I had a reservoir engineering professor in college who used to say that “the only thing we know for certain about a model is that it is wrong.” His point being: when we attempt to develop a model for natural phenomena, the best we can hope for is to be “as least wrong as possible” – we simply just don’t know all the variables. Let’s visualize this at an extremely high level. Say I see a napkin with “2…2 = 4” scribbled on it. I could fill in the gap with a “+” sign and reach a perfectly viable solution: 2+2=4. But I could have just as easily plugged in a multiplication sign, declaring 2 x 2 = 4 or even 2^2 = 4 and still hold a defensible position. Obviously, the natural world is infinitely more complex than this, but the idea here is that there are many ways to connect dots of evidence to reach a desired outcome.
Anyway, I say all that to set up the following question: how old is the earth?
Tracing the chronologies back to Adam and Eve and taking the biblical account of creation as a literal week, the calculated age of the earth is approximately 6,000 years. I think that makes some Christians uneasy because it doesn’t fit the predominantly championed view of the universe. Hey, I get it – I was uncomfortable too.
What really opened my eyes, however, were the issues within many of the contemporary scientific points of view – such as the presence of Carbon 14 isotopes in organic matter that is supposedly “millions of years old” (despite the fact that its 5,730 year half-life decay rate should render it completely undetectable).
Well…what about the stars and stuff? Aren’t those like…billions of years old? How the heck would we see them if the earth was only 6,000 years old?
Let me point you back towards another model – Einstein’s theory of relativity. A fundamental component of the theory is time dilation as matter of various masses and velocities causes curvature in a space-time continuum. To make 6,000 years on Earth correspond to millions of years elsewhere in the universe, it becomes a matter of tweaking the equation.
Of course, there are many apologists on the other side of the fence that take an old earth stance in compliance with traditional science and there is a whole lot of arguing back and forth wading around in the minutia of incredibly complex details. But back to the point at the beginning – all models are wrong because we are limited to our own understanding. If you pick deep enough, you’re going to find an issue – until our understanding is increased and it can be explained.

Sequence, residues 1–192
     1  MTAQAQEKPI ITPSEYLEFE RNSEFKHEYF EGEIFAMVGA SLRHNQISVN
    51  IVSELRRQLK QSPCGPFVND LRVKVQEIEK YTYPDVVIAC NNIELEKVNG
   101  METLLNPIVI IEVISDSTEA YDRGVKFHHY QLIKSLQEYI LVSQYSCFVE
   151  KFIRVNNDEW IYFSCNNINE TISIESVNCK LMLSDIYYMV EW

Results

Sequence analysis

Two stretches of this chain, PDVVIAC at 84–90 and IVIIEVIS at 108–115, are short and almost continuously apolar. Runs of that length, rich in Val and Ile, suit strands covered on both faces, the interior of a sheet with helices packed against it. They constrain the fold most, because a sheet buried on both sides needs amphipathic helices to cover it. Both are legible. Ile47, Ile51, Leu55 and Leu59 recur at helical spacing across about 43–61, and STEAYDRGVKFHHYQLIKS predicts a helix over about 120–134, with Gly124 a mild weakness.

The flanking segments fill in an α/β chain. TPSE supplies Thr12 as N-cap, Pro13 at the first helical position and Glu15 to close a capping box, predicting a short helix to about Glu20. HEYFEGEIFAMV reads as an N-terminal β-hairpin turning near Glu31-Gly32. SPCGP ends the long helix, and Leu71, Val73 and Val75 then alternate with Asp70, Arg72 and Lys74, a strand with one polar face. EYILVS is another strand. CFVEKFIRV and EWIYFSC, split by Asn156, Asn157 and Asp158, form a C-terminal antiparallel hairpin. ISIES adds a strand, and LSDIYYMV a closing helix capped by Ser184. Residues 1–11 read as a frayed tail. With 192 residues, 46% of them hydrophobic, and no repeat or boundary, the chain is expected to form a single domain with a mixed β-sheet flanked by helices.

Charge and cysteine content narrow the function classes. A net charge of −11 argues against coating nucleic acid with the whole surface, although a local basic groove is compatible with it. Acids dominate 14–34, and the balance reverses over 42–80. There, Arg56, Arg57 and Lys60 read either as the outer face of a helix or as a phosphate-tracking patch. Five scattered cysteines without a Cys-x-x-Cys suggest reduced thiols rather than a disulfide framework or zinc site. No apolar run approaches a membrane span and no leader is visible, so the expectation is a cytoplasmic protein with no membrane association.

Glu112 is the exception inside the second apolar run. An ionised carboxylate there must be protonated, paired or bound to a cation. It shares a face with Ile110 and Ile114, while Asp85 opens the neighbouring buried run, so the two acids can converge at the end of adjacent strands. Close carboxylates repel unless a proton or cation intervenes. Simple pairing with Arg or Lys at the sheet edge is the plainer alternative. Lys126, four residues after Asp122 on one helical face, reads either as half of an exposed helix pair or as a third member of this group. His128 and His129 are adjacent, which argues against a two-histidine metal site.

The biblical account of creation does not go to a subatomic particle level of detail. I suspect it would be very hard and pointless to cram that sort of information into a text which is already perfectly sufficient to make us aware of our sinful nature and need of Jesus’s redeeming sacrifice on the cross to bring us back into a personal relationship with God.
Ultimately, my greatest evidence of God is the transformational work of the Holy Spirit in my life - not the scribbling on a napkin to satisfy a theoretical mathematical model. That being said, I am forever grateful for the relentless work of apologists, tireless defending the truth to illustrate that you CAN draw a reasonable, rational model that fits the biblical account of creation – and that is enough for me.
- Nicolas C. Day
Note: Whatever stance you take on the age of the earth, I see no reason to argue – as long as it doesn’t compromise your faith in Christ. If you are struggling with God from a scientific point of view (as I once was), I encourage you to check out the apologetic resources I have listed in the recommendations page.